#WorldKidLitWednesday: Witch Hat Atelier, v. 1

What if the thing you most yearned to do was an innate ability? And you weren’t one of the lucky ones born with it? That’s the set up for Witch Hat Atelier, a wonderful YA coming-of-age manga series by Kamome Shirahama, translated by Stephen Kohler, the first volume of which just won an Eisner Award for the … Continue reading #WorldKidLitWednesday: Witch Hat Atelier, v. 1

#WorldKidLitWednesday: Kiki’s Delivery Service

Make way for Kiki! A beloved children’s classic in Japan ever since it was originally published in 1985, Kiki’s Delivery Service by Eiko Kadono has been out of print in English translation for over a decade, despite its continuing fame via Hayao Miyazaki’s animated adaptation. And adaptation it is: there are significant differences between the book and the movie. … Continue reading #WorldKidLitWednesday: Kiki’s Delivery Service

What We’re Missing: Gems of World Kid Lit

During the past 6 months, I have edited a series of articles on “What We’re Missing:  Gems of World Kid Lit.”  Taking a page from the UK’s Times Literary Supplement, which styles itself as “the only major English-language publication to review books published in other languages,” I thought we could introduce the concept on this … Continue reading What We’re Missing: Gems of World Kid Lit

#WorldKidLitWednesday: Can I Build Another Me?

Kevin has had enough of homework and household chores, so he buys a robot to do them for him. Simple, right? Ah, but there’s a catch: No one is to know the robot is not him. When Kevin attempts to tell the robot about himself, he discovers that he has a lot of information to … Continue reading #WorldKidLitWednesday: Can I Build Another Me?

#WorldKidLit Wednesday: Ms. Ice Sandwich

What? A fiction title for grown-ups on #WorldKidLit Wednesday? Yes, Ms. Ice Sandwich by Mieko Kawakami, translated from Japanese by Louise Heal Kawai, works as adult, young adult, AND middle grade reading. Why? This slim import from the U.K.’s Pushkin Press, released Stateside by Penguin Random House, features a fourth-grade boy as main character and … Continue reading #WorldKidLit Wednesday: Ms. Ice Sandwich

#WorldKidLitWednesday: Yours Sincerely, Giraffe

Did you have a pen pal when you were little? Maybe someone from halfway around the world, whom you’d never seen, from a land you knew nothing about? That’s the premise of Yours Sincerely, Giraffe, a sweet, zany chapter book for ages 6-10, with charming illustrations by award-winning artist Jun Takabatake (Bologna Children’s Book Fair Graphics … Continue reading #WorldKidLitWednesday: Yours Sincerely, Giraffe

#WorldKidLit Wednesday: Meet Translator Avery Fischer Udagawa

Meet my wonderful co-#WorldKidLitWednesday blogger, Avery Fischer Udagawa! Avery grew up in Kansas and has lived in Bangkok, Thailand, for over a dozen years.  But does she translate from Thai into English? No! That would be far too straightforward a situation for this busy, accomplished translator.   Avery is a multiply published translator of Japanese … Continue reading #WorldKidLit Wednesday: Meet Translator Avery Fischer Udagawa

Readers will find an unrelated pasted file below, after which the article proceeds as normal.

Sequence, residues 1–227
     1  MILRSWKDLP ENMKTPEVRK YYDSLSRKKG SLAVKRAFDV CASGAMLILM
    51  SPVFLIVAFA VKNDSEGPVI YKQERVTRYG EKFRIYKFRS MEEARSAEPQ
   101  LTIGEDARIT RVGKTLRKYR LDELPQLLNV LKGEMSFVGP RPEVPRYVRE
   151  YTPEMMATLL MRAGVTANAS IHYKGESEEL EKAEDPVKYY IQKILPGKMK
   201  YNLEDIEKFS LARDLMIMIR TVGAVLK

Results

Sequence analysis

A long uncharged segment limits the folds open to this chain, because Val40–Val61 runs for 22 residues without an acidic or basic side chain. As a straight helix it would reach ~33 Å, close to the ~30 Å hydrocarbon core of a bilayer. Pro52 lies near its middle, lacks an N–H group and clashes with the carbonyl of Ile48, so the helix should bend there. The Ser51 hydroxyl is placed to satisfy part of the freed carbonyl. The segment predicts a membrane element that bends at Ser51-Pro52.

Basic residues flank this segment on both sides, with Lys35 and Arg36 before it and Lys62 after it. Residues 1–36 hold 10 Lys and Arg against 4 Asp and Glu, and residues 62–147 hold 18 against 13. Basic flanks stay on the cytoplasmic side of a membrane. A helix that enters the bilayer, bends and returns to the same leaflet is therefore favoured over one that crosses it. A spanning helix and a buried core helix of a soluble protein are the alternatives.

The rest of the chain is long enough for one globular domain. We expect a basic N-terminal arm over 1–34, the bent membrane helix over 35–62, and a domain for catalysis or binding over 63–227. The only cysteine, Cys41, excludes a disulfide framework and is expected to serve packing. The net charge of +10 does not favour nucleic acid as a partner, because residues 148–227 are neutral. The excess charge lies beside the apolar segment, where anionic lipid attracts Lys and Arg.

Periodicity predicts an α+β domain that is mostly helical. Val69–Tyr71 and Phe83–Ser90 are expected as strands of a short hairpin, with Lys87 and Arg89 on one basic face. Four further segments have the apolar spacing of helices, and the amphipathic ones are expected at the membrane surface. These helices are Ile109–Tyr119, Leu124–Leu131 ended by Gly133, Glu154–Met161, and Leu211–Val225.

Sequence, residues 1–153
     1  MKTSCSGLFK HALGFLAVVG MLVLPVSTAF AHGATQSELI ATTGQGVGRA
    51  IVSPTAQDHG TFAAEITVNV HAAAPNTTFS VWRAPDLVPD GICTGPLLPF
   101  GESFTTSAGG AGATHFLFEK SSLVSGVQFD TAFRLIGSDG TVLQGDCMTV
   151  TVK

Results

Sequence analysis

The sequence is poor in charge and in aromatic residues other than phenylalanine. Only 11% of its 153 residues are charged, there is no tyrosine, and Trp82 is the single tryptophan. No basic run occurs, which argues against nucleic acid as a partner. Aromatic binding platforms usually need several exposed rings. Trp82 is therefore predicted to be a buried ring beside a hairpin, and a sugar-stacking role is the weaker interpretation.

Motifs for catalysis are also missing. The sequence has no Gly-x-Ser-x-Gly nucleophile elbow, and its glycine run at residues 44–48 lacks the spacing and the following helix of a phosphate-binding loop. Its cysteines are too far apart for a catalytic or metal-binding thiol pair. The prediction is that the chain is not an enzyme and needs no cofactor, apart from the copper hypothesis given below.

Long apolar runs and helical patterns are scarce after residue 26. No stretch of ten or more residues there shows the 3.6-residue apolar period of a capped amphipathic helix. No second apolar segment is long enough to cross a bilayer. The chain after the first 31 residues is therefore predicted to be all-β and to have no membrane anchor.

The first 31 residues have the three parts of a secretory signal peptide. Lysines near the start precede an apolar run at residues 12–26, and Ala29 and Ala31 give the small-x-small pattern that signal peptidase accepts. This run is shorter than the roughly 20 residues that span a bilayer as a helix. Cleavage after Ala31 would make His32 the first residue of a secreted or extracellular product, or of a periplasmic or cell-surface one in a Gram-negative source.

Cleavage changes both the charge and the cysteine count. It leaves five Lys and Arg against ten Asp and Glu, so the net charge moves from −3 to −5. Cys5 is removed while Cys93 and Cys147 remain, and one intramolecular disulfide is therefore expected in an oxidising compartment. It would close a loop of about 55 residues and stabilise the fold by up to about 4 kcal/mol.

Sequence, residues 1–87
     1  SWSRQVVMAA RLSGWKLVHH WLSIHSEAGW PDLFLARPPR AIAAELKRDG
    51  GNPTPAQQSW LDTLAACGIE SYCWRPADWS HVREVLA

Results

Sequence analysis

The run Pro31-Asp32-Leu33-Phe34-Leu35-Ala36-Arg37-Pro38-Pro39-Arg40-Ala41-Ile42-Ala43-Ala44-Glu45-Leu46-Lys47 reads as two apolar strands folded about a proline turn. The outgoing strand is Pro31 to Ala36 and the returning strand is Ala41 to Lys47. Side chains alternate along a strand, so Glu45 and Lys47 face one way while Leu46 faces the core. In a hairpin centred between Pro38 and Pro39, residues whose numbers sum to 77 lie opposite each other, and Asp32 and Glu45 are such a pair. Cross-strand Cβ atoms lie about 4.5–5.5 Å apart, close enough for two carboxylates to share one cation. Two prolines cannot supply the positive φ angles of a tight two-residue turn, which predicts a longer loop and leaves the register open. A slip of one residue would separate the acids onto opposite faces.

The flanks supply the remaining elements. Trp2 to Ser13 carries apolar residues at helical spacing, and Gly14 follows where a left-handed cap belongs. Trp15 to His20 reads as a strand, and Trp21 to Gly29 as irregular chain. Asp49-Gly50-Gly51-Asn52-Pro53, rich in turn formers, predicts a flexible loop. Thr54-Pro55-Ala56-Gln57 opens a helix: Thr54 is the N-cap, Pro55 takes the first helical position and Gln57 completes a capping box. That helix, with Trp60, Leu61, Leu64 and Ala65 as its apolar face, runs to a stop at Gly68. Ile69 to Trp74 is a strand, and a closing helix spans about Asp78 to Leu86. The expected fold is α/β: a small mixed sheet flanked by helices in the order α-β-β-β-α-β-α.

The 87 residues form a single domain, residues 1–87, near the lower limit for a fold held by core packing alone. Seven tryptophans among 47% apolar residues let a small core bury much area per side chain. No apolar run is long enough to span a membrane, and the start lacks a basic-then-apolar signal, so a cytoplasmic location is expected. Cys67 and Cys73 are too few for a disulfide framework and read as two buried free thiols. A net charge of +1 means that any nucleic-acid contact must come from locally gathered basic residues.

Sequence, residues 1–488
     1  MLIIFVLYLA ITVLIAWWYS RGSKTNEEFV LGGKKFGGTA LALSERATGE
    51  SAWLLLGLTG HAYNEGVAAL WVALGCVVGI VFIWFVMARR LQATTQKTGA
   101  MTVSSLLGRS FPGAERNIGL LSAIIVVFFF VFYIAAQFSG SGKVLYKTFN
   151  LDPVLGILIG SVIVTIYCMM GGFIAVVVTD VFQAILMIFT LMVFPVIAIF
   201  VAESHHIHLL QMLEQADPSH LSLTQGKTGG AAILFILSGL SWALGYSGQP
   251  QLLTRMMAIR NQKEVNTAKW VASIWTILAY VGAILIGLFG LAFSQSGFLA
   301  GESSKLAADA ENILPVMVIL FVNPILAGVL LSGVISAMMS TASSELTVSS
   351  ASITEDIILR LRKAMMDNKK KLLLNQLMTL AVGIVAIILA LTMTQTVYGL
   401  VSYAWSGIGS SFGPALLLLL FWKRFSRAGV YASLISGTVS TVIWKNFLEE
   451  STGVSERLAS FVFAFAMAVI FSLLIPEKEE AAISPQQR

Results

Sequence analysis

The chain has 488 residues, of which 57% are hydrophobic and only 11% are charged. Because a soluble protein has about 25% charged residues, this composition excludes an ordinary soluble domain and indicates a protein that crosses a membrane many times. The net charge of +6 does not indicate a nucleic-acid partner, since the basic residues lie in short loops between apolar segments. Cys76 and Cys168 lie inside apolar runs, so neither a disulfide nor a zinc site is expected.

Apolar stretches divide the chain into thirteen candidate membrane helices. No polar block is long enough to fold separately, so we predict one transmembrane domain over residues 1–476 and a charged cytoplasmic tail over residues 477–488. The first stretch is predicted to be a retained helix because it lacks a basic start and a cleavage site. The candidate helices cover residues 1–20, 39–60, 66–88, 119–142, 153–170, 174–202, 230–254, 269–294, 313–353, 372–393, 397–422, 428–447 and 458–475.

#WorldKidLit Wednesday: My Brother’s Husband

#WorldKidLit Wednesday: My Brother’s Husband MBH, v. 1 I was captivated by My Brother’s Husband, by Gengoroh Tagame, translated by Anne Ishii. The story’s warm, gentle trajectory addresses an important subject for teens and, frankly, readers worldwide: accepting one’s sexuality and, more specifically, being gay in a homophobic society.  Author Gengoroh Tagame is an award-winning, openly gay … Continue reading #WorldKidLit Wednesday: My Brother’s Husband

Takami Nieda on Kaneshiro’s Zainichi Tour de Force “Go”

May GLLI Blog Series:  Japan in Translation, No. 29 Editor's note:  Though it took 18 years from publication in Japan until translation and publication in English, Kazuki Kaneshiro’s Go: A Coming of Age Novel, just released in March by AmazonCrossing, is already eliciting superlative reviews. Go's zainichi protagonist Sugihara is “one of the most memorable characters … Continue reading Takami Nieda on Kaneshiro’s Zainichi Tour de Force “Go”

The Vast Light Novel Universe — by translator Emily Balistrieri

May GLLI Blog Series:  Japan in Translation, No. 28 What’s the significance of the numbers 18, 49, 82, and 183? If you answered that those are the numbers of light novels published in English annually from 2014-2017, you’re right. But I have a sneaking suspicion you are more likely thinking, “Wait, a ‘light’ novel? What’s … Continue reading The Vast Light Novel Universe — by translator Emily Balistrieri